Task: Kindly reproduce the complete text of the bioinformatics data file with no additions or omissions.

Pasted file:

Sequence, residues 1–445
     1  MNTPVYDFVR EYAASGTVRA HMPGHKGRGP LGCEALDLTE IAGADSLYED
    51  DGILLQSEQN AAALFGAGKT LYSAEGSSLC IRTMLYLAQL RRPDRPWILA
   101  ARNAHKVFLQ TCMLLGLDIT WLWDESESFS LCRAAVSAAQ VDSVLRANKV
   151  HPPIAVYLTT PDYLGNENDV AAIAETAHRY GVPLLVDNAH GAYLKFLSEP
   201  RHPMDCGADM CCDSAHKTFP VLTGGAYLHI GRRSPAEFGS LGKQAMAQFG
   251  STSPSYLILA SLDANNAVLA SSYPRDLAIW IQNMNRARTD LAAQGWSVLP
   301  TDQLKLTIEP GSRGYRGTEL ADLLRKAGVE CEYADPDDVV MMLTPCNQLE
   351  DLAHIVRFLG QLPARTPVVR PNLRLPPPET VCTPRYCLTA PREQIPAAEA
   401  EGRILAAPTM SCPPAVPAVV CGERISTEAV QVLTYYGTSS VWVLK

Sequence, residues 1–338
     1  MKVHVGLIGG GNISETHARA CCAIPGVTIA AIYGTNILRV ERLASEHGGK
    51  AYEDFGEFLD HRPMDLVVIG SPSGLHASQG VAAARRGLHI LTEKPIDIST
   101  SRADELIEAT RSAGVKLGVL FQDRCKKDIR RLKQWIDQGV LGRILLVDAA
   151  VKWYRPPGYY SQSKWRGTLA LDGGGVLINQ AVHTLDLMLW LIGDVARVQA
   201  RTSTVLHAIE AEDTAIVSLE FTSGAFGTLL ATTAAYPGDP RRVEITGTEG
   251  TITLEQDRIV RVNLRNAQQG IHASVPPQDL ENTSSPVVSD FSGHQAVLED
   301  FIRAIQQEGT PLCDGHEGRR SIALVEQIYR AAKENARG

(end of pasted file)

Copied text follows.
Sequence, residues 1–445
     1  MNTPVYDFVR EYAASGTVRA HMPGHKGRGP LGCEALDLTE IAGADSLYED
    51  DGILLQSEQN AAALFGAGKT LYSAEGSSLC IRTMLYLAQL RRPDRPWILA
   101  ARNAHKVFLQ TCMLLGLDIT WLWDESESFS LCRAAVSAAQ VDSVLRANKV
   151  HPPIAVYLTT PDYLGNENDV AAIAETAHRY GVPLLVDNAH GAYLKFLSEP
   201  RHPMDCGADM CCDSAHKTFP VLTGGAYLHI GRRSPAEFGS LGKQAMAQFG
   251  STSPSYLILA SLDANNAVLA SSYPRDLAIW IQNMNRARTD LAAQGWSVLP
   301  TDQLKLTIEP GSRGYRGTEL ADLLRKAGVE CEYADPDDVV MMLTPCNQLE
   351  DLAHIVRFLG QLPARTPVVR PNLRLPPPET VCTPRYCLTA PREQIPAAEA
   401  EGRILAAPTM SCPPAVPAVV CGERISTEAV QVLTYYGTSS VWVLK

Sequence, residues 1–338
     1  MKVHVGLIGG GNISETHARA CCAIPGVTIA AIYGTNILRV ERLASEHGGK
    51  AYEDFGEFLD HRPMDLVVIG SPSGLHASQG VAAARRGLHI LTEKPIDIST
   101  SRADELIEAT RSAGVKLGVL FQDRCKKDIR RLKQWIDQGV LGRILLVDAA
   151  VKWYRPPGYY SQSKWRGTLA LDGGGVLINQ AVHTLDLMLW LIGDVARVQA
   201  RTSTVLHAIE AEDTAIVSLE FTSGAFGTLL ATTAAYPGDP RRVEITGTEG
   251  TITLEQDRIV RVNLRNAQQG IHASVPPQDL ENTSSPVVSD FSGHQAVLED
   301  FIRAIQQEGT PLCDGHEGRR SIALVEQIYR AAKENARG